The U.S. Centers for Disease Control and Prevention (CDC) and other officials confirmed that a case of monkeypox was recently detected in Maryland, the second time the rare virus has been detected in the United States this year.
The infected individual, who recently traveled to Nigeria, is suffering from mild symptoms and is recovering in isolation, said the Maryland Department of Health this week.
“Public health authorities have identified and continue to follow up with those who may have been in contact with the diagnosed individual,“ said Maryland Deputy Secretary for Public Health Dr. Jinlene Chan. “Our response in close coordination with CDC officials demonstrates the importance of maintaining a strong public health infrastructure.”
Monkeypox, which is in the same family of viruses as smallpox but causes milder symptoms, can be spread via contact with skin lesions or body fluids, or contaminated materials such as clothing. The virus can also be spread via large respiratory droplets at short distances.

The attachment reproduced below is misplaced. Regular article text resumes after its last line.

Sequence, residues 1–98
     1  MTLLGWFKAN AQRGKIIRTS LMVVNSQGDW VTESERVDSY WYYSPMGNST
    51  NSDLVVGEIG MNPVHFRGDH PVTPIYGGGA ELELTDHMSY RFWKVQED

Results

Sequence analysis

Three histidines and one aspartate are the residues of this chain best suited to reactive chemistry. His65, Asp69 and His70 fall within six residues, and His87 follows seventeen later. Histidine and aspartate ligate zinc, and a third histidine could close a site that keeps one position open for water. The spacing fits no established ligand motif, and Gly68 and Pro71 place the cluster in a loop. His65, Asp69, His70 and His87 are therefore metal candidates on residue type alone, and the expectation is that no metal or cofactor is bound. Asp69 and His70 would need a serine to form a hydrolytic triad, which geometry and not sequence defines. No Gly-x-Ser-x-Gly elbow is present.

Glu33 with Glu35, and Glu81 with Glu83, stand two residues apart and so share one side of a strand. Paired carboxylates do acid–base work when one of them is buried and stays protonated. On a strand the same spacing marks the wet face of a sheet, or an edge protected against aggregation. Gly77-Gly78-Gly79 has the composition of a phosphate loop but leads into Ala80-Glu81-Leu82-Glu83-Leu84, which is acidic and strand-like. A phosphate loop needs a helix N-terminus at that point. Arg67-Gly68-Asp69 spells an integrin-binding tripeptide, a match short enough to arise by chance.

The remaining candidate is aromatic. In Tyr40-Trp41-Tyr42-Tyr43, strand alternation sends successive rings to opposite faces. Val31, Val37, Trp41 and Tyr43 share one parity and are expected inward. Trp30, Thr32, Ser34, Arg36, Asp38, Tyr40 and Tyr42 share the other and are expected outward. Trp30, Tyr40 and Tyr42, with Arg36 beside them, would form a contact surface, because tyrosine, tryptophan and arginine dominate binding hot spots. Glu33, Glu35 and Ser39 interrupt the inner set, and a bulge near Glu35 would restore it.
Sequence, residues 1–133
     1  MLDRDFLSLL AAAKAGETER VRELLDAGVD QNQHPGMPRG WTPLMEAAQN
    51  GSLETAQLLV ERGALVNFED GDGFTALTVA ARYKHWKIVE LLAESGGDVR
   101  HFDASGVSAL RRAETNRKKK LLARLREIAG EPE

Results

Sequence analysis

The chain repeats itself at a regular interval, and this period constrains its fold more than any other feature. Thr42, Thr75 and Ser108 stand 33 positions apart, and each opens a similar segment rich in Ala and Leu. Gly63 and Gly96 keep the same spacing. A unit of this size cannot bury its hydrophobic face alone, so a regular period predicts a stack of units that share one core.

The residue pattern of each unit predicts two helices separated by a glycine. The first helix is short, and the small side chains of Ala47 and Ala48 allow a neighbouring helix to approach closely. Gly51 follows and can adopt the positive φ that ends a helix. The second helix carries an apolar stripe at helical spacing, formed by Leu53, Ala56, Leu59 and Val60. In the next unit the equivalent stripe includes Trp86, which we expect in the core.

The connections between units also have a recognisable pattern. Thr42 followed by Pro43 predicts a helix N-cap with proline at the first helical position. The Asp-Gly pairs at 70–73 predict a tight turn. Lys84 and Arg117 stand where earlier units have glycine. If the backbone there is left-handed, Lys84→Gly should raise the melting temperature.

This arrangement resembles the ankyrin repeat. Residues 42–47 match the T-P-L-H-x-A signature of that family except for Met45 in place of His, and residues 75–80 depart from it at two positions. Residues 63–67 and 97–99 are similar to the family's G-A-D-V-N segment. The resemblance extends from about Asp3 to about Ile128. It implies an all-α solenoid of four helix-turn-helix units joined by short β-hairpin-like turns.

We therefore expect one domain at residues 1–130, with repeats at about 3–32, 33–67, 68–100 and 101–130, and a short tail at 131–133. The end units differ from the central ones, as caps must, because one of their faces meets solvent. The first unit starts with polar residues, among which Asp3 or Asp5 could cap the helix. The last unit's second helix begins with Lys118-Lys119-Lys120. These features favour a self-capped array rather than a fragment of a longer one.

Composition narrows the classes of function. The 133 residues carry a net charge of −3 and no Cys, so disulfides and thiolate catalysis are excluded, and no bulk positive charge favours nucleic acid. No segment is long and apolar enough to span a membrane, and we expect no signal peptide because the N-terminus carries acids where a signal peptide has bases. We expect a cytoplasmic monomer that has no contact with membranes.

Maryland health authorities said that the public doesn’t need to take any special precautions.
“Late yesterday, CDC laboratory scientists confirmed the patient had monkeypox and that the infection matches the strain that has been re-emerging in Nigeria since 2017. The person is currently in isolation in Maryland,” the CDC confirmed in a Wednesday news release.
In elaborating, the federal health agency said that “travelers on the flight to the United States were required to wear masks on the plane as well as in the U.S. airports due to the ongoing COVID-19 pandemic.”
As a result of the COVID-19 protocols, the agency said that the risk of spreading the monkeypox virus on planes is low.
But the “CDC is assessing potential risks to those who may have had close contact with the traveler on the plane and after their arrival in the United States,” according to its statement.
Earlier this year, a case of monkeypox was reported in a man who had then recently visited Nigeria and returned to Texas. At the time, Texas and federal health officials determined the risk posed by the virus was low.
The disease was first reported in people in 1970 before several cases were discovered in the United States in 2003. Most of the identified cases were believed to have had contact with pet prairie dogs infected by African rodents, according to the World Health Organization (WHO).
Monkeypox has a total fatality rate of around 1 percent, WHO says, although the death rate in the Congo area is higher, killing up to 10 percent of infected people in that region.
U.S. health officials, in contrast, say that the death rate from smallpox is much higher, killing about three in 10 infected people.